New CNN Poll Shows More Americans Don't Want Trump Impeached And Removed Than Do

Most Americans don't want to see President Donald Trump impeached and removed from office, according to a new poll.

A CNN poll conducted by SSRS showed that just 45 percent of Americans support impeaching and removing Trump from the White House. That's a 5 point decrease from a similar poll conducted in November, which showed 50 percent of Americans supporting impeachment.

On the other hand, 47 percent of U.S. adults surveyed said they don't want Trump to be impeached and removed—up 4 percentage points from a survey conducted in November.

The poll was released just ahead of the House of Representatives' full floor vote on articles of impeachment against Trump. Last week, the House Judiciary Committee approved two charges against the president: abuse of power and obstruction of Congress. The impeachment articles are expected to pass in the full House, especially as more vulnerable Democrats from swing state districts are coming out in support of removing Trump.

House Democrats allege that Trump put his personal interest over the country's by trying to pressure Ukrainian President Volodymyr Zelenskiy to announce a politically damaging investigation of Joe Biden and his son Hunter and a probe of supposed Ukrainian interference in the 2016 U.S. election.

Even though the CNN poll showed that most Americans don't want Trump to be impeached, a narrow majority (51 percent) continue to say that he improperly used his position as president for his own political gain.

The CNN poll was conducted from December 12 to December 15, with over 1,000 U.S. adults surveyed. The margin of error for the poll is plus or minus 3.7 percentage points.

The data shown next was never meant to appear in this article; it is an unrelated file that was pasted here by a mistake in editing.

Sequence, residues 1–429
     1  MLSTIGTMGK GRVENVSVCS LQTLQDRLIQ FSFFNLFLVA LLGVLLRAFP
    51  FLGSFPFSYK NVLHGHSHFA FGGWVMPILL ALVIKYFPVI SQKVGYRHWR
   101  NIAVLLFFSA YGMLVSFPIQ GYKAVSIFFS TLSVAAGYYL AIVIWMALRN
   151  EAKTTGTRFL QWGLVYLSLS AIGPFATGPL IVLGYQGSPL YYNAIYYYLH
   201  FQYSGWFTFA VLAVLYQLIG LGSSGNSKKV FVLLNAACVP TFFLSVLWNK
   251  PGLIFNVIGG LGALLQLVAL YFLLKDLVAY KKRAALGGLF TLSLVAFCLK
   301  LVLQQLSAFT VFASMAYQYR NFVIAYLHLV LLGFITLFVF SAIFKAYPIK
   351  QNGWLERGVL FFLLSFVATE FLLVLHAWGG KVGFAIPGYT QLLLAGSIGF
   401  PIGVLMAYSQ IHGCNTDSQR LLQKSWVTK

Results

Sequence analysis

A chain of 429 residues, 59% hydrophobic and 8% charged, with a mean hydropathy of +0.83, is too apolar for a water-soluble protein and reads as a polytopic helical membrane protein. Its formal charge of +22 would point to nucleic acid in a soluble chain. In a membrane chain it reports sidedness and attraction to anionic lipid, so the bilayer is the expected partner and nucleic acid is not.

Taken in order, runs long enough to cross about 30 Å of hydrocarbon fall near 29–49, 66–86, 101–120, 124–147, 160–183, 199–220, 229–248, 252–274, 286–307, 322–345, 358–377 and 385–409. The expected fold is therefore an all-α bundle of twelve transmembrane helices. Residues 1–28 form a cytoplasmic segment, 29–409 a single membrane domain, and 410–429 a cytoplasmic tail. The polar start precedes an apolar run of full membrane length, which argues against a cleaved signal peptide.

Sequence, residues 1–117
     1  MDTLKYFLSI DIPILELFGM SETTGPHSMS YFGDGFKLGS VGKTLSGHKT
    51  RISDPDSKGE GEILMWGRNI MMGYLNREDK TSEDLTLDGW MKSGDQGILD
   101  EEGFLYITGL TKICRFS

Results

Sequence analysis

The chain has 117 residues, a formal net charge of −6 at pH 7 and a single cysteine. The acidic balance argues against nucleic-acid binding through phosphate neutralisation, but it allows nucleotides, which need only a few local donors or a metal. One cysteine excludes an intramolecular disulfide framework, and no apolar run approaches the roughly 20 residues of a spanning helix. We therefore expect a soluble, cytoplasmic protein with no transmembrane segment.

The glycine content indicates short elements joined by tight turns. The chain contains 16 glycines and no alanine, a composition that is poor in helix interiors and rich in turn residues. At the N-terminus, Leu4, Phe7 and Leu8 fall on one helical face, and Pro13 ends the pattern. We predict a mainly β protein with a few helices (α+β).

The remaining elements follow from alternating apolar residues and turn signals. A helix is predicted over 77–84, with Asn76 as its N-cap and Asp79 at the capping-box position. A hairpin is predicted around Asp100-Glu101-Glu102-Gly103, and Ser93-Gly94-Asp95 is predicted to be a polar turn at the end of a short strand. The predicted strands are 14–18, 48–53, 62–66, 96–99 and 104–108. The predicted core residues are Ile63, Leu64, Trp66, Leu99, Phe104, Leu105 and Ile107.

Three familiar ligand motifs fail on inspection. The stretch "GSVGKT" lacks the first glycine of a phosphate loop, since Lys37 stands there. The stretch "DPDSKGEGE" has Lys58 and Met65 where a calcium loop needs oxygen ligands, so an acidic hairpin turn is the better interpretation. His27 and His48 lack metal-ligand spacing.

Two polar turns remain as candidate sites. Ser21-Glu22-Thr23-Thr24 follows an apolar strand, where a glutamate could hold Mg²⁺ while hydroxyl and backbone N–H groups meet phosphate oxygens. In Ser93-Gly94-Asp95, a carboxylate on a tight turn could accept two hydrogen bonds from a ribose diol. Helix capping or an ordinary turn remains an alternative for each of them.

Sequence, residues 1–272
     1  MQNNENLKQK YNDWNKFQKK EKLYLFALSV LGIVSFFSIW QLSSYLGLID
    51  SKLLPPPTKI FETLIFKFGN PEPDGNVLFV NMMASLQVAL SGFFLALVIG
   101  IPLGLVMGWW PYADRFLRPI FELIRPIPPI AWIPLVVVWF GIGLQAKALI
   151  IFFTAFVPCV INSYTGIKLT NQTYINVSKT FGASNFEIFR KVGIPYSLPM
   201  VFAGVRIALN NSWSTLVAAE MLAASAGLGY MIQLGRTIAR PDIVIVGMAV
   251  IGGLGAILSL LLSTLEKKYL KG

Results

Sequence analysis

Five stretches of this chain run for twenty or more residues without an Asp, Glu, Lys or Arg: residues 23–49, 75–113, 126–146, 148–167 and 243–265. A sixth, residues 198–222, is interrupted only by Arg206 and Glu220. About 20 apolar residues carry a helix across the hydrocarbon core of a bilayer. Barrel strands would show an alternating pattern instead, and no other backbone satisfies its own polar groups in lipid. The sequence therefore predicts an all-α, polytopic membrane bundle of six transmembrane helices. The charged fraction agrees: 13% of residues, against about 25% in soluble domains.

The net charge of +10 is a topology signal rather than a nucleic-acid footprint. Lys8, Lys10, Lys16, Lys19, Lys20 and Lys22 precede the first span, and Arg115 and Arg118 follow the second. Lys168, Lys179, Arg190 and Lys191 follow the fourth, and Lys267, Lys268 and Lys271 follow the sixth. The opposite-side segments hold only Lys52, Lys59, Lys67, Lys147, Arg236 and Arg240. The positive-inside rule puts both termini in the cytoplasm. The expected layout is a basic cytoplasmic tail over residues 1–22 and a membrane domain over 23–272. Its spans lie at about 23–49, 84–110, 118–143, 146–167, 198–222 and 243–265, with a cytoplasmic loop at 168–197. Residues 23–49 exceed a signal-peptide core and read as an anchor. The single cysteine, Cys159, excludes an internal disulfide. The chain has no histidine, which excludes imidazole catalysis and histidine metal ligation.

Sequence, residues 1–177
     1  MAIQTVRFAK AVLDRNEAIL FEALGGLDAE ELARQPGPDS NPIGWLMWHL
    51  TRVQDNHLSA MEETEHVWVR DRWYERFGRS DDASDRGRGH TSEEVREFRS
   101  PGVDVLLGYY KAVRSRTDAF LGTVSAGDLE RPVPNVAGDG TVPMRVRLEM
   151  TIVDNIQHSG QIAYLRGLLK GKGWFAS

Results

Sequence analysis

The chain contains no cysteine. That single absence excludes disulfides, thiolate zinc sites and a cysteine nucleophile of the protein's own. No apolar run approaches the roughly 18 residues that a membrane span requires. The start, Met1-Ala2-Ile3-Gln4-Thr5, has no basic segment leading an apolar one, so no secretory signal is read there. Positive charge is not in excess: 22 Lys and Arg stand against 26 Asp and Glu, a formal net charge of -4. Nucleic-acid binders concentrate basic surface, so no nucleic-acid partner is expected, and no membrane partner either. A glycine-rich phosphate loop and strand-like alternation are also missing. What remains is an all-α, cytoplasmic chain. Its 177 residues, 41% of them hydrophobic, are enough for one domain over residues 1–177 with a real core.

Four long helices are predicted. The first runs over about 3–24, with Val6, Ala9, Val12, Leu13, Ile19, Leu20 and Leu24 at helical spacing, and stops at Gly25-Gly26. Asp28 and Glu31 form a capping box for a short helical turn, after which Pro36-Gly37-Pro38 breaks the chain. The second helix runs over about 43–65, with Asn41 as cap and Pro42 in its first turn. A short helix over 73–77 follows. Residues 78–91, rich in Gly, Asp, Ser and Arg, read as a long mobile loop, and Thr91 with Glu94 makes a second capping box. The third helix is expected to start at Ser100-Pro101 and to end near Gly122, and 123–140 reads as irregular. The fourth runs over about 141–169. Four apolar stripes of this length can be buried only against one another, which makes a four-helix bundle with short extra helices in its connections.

donald trump cabinet meeting december 2019
President Donald Trump listens during a meeting about the Governors' Initiative on Regulatory Innovation in the White House's Cabinet Room on December 16. A new poll shows that fewer Americans want Trump impeached and removed than those who are opposed. Drew Angerer/Getty

Trump responded to the House Judiciary Committee's vote to move forward with impeachment by slamming the entire inquiry as "horrible" and a "scam."

"It's something that shouldn't be allowed," Trump said in the Oval Office last week. "And it's a very bad thing for our country, and you're trivializing impeachment. And I tell you what, someday there will be a Democrat president, and there will be a Republican House, and I suspect they're going to remember it."

While the articles of impeachment are expected to pass in the full House, their fate in the Republican-controlled Senate is not nearly as hopeful. Senate Majority Leader Mitch McConnell said that he would essentially allow Trump's legal team to dictate what the impeachment trial in the chamber will look like.

"There will be no difference between the president's position and our position as to how to handle this," McConnell told Fox News host Sean Hannity last week.

The GOP leader also implied that Trump will be acquitted by the Senate, telling Hannity that "the case is so darn weak coming over from the House" and that "we all know how it's going to end."